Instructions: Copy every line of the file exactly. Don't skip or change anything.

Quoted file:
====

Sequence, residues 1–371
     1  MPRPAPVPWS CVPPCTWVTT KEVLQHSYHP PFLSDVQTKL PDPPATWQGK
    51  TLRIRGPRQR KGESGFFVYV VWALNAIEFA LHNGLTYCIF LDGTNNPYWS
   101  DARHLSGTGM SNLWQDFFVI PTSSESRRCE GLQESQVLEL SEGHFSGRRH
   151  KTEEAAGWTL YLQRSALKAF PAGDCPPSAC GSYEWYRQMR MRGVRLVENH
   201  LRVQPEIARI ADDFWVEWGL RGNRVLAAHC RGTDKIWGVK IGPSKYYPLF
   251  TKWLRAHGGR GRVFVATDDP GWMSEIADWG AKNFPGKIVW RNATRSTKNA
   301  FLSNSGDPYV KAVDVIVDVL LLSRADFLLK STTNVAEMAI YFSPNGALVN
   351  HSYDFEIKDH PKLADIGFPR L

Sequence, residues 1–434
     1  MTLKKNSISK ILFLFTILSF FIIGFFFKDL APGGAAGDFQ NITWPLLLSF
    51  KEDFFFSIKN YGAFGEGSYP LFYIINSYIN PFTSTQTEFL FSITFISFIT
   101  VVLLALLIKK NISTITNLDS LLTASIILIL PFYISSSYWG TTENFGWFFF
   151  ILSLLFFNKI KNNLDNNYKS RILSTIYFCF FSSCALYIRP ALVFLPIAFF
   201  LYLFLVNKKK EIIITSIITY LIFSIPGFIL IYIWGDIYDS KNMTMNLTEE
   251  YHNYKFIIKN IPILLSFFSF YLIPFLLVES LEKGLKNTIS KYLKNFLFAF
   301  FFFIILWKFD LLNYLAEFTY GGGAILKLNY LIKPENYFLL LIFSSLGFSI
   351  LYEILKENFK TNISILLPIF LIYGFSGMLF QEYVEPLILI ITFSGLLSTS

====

Sequence, residues 1–371
     1  MPRPAPVPWS CVPPCTWVTT KEVLQHSYHP PFLSDVQTKL PDPPATWQGK
    51  TLRIRGPRQR KGESGFFVYV VWALNAIEFA LHNGLTYCIF LDGTNNPYWS
   101  DARHLSGTGM SNLWQDFFVI PTSSESRRCE GLQESQVLEL SEGHFSGRRH
   151  KTEEAAGWTL YLQRSALKAF PAGDCPPSAC GSYEWYRQMR MRGVRLVENH
   201  LRVQPEIARI ADDFWVEWGL RGNRVLAAHC RGTDKIWGVK IGPSKYYPLF
   251  TKWLRAHGGR GRVFVATDDP GWMSEIADWG AKNFPGKIVW RNATRSTKNA
   301  FLSNSGDPYV KAVDVIVDVL LLSRADFLLK STTNVAEMAI YFSPNGALVN
   351  HSYDFEIKDH PKLADIGFPR L

Sequence, residues 1–434
     1  MTLKKNSISK ILFLFTILSF FIIGFFFKDL APGGAAGDFQ NITWPLLLSF
    51  KEDFFFSIKN YGAFGEGSYP LFYIINSYIN PFTSTQTEFL FSITFISFIT
   101  VVLLALLIKK NISTITNLDS LLTASIILIL PFYISSSYWG TTENFGWFFF
   151  ILSLLFFNKI KNNLDNNYKS RILSTIYFCF FSSCALYIRP ALVFLPIAFF
   201  LYLFLVNKKK EIIITSIITY LIFSIPGFIL IYIWGDIYDS KNMTMNLTEE
   251  YHNYKFIIKN IPILLSFFSF YLIPFLLVES LEKGLKNTIS KYLKNFLFAF
   301  FFFIILWKFD LLNYLAEFTY GGGAILKLNY LIKPENYFLL LIFSSLGFSI
   351  LYEILKENFK TNISILLPIF LIYGFSGMLF QEYVEPLILI ITFSGLLSTS